Many different types of fibroma may occur in and around the nail (Figure 5.19). They may be true entities or merely variants of one process.


Hypertrophic scars and keloids result from injuries to the nail fold or nail bed and may significantly distort the nail apparatus.


Nail apparatus dermatofibromas are rare and may resemble cutaneous horns, fibrokeratomas or supernumerary digits; the latter, however, usually arise on the ulnar aspect of the fifth metacarpophalangeal joint. The histological changes include areas of thick, hypocellular, hyalinized collagen bundles, randomly orientated; there is an ill-defined nodule situated mainly in the reticular dermis; elastic fibres are often scarce or absent.

Koenen's tumour

Koenen's periungual fibromas develop in 50% of cases of tuberous sclerosis (epiloia or Bourneville-Pringle disease). They usually appear at about 12-14 years of age and increase progressively in size and number with age. Individual tumours are small, round, flesh-coloured and asymptomatic, with a smooth surface (Figures 5.20, 5.21). The tip may be slightly hyperkeratotic, resembling fibrokeratoma. The tumors grow out from the nail fold, eventually overgrowing the nail bed and destroying the nail plate. Depending on their site of origin, they may cause longitudinal depressions in the nail plate. Excessively large tumours are often painful, requiring excision. Histological changes consist of dense angiofibrotic tissue, sometimes with neuroglial tissue at the centre, and hyperkeratosis at the tip.

Figure 5.19

Periungual fibroma. (Courtesy of Akiro Kamumochi, Japan.)

Figure 5.19

Periungual fibroma. (Courtesy of Akiro Kamumochi, Japan.)

Avulsed Nail Tumor

Figure 5.20

Koenen's tumour associated with nail plate destruction.

Figure 5.20

Koenen's tumour associated with nail plate destruction.

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Figure 5.21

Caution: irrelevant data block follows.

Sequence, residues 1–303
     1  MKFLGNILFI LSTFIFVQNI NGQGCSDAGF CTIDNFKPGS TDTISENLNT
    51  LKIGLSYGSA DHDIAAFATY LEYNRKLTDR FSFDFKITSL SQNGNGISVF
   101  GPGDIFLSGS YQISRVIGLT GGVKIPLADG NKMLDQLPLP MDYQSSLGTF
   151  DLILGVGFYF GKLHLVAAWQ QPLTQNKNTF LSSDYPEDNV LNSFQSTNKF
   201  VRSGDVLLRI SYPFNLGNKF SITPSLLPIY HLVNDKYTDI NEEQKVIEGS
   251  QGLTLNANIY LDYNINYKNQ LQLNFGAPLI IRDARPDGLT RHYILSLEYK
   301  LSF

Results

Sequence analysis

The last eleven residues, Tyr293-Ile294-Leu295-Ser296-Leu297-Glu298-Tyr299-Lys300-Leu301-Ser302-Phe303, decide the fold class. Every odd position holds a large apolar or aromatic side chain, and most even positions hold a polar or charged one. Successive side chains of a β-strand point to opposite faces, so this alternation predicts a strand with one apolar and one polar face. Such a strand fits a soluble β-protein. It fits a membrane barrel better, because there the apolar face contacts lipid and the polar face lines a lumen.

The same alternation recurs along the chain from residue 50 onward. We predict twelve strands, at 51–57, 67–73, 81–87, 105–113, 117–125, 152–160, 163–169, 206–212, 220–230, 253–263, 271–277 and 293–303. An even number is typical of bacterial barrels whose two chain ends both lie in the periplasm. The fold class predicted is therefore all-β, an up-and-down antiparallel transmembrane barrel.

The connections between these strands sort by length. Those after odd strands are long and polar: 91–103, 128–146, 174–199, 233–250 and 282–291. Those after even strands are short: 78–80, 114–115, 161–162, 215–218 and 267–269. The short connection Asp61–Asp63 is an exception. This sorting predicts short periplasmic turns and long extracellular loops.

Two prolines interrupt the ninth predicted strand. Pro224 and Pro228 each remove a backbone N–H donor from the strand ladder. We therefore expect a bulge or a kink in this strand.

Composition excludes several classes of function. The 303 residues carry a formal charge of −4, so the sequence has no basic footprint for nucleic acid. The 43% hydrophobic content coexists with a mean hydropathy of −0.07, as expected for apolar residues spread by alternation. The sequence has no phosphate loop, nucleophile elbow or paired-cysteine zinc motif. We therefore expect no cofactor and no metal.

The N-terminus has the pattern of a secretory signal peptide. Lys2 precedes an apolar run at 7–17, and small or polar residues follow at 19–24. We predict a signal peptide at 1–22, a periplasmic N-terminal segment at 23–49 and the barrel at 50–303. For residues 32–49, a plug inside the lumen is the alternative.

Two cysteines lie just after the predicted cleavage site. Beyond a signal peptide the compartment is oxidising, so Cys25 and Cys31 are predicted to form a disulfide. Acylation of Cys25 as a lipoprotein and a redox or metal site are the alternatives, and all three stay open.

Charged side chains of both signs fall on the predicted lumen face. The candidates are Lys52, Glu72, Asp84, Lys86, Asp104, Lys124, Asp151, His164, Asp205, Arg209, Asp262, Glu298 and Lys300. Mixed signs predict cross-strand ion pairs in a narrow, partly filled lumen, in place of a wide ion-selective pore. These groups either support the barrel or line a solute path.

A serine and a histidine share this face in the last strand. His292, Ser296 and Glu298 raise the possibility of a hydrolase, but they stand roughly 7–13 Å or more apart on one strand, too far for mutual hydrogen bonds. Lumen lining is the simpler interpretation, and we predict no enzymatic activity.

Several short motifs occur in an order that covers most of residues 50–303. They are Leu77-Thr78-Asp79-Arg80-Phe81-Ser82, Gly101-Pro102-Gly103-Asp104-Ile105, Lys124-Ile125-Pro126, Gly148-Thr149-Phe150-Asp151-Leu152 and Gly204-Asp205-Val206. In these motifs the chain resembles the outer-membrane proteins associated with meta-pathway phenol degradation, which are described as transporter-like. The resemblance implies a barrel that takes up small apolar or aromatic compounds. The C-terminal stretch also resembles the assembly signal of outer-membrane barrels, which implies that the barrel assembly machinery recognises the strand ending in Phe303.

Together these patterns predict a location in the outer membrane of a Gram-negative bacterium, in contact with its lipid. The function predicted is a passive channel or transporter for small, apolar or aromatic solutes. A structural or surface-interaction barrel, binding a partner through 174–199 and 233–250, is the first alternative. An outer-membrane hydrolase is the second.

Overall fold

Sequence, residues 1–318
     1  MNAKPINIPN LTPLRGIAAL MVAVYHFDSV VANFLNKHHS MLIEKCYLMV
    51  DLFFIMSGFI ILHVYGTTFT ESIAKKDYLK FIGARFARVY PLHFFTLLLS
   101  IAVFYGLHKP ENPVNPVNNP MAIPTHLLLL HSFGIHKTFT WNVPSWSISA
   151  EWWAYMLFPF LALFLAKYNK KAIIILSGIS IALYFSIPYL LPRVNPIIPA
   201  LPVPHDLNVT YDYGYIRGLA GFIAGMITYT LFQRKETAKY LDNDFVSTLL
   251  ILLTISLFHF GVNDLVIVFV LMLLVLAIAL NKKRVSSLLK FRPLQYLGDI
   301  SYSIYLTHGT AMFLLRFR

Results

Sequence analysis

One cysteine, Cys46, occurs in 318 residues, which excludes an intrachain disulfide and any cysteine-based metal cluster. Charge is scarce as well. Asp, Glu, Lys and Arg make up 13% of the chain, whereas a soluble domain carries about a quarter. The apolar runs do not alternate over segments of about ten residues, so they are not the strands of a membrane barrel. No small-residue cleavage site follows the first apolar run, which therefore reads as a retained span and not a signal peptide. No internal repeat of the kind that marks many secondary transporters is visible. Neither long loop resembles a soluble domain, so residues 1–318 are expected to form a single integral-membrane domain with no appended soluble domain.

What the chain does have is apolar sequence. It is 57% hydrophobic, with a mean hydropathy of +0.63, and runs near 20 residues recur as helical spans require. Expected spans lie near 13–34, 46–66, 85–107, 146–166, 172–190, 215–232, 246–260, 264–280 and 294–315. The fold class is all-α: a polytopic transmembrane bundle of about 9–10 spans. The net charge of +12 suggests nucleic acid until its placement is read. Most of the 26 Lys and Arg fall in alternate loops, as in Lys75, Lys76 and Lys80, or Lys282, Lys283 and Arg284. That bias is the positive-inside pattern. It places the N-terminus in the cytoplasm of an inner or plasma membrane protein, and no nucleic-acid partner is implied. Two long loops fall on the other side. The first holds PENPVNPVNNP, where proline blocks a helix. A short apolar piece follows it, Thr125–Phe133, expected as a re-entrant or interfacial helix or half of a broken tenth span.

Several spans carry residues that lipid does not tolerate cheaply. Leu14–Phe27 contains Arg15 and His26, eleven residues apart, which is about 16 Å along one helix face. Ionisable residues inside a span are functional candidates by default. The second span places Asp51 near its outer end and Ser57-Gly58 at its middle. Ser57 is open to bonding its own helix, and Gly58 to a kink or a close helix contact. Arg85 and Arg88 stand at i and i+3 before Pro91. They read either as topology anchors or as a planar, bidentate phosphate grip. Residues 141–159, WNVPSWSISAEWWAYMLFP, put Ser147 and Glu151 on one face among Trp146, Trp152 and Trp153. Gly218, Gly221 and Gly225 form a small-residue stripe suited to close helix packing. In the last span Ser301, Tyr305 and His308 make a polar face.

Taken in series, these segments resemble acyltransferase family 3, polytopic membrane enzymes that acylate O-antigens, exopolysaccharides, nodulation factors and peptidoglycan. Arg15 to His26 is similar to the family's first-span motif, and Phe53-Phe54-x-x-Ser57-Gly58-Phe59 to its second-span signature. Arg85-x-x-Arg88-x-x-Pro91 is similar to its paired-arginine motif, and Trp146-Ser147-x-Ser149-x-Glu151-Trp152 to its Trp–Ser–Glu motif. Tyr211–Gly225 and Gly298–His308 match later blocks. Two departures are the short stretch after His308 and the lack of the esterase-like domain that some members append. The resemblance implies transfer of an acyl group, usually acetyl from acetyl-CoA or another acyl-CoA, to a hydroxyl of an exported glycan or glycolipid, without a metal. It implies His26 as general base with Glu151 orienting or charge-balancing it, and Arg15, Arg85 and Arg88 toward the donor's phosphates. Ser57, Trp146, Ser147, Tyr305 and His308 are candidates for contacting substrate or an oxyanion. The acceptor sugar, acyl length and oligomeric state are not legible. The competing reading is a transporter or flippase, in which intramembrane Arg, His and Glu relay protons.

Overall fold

Multiple Koenen's tumours.

Koenen's tumours are cured by simple excision. Usually no suture is necessary. Tumours growing out from under the proximal nail fold are removed after reflecting the proximal nail fold back by making lateral incisions down each margin in the axis of the lateral nail grooves. Subungual fibromas are removed after avulsion of the corresponding part of the nail plate.

Acquired periungual fibrokeratoma

Acquired periungual fibrokeratomas are probably identical to acquired digital fibrokeratomas and Steel's 'garlic clove' fibroma. They are acquired, benign, spontaneously developing, asymptomatic nodules with a hyperkeratotic tip and a narrow base (Figures 5.22, 5.23). They most commonly occur in the periungual area or on other parts of the fingers. A case was described in which the lesion was located beneath the nail, visible under the free margin of the great toe nail. Most periungual fibrokeratomas emerge from the most proximal part of the nail sulcus growing on the nail and causing a sharp longitudinal depression. Trauma is thought to be a major factor initiating acquired periungual fibrokeratoma.

Microscopically, acquired periungual fibrokeratomas resemble hyperkeratotic 'dermal hernias'. The core consists of mature eosinophilic collagen fibres oriented along the main vertical axis of the tumour. The fibroblastic cells are increased in number. Most fibromas are highly vascular. The epidermis is thick and acanthotic. There is a marked orthokeratotic horny layer, which may be parakeratotic and contains serum or blood at the tip of the tumour. Elastic fibres are normal. Acid mucopolysaccharide levels are not increased.

Acquired Digital Fibrokeratoma

Figure 5.22

Acquired fibrokeratoma.

Sub Ungual Fibrokeratoma

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  • Ralph
    How to remove periungual fibrokeratoma?
    8 years ago
    What causes periugual fibromas?
    8 years ago
  • Darren
    How to remove periungual fibroma?
    4 years ago
  • Benito
    How to remove periungual fibromas?
    7 months ago
  • taziana
    What CPT code for removal of periungual fibroma?
    2 months ago

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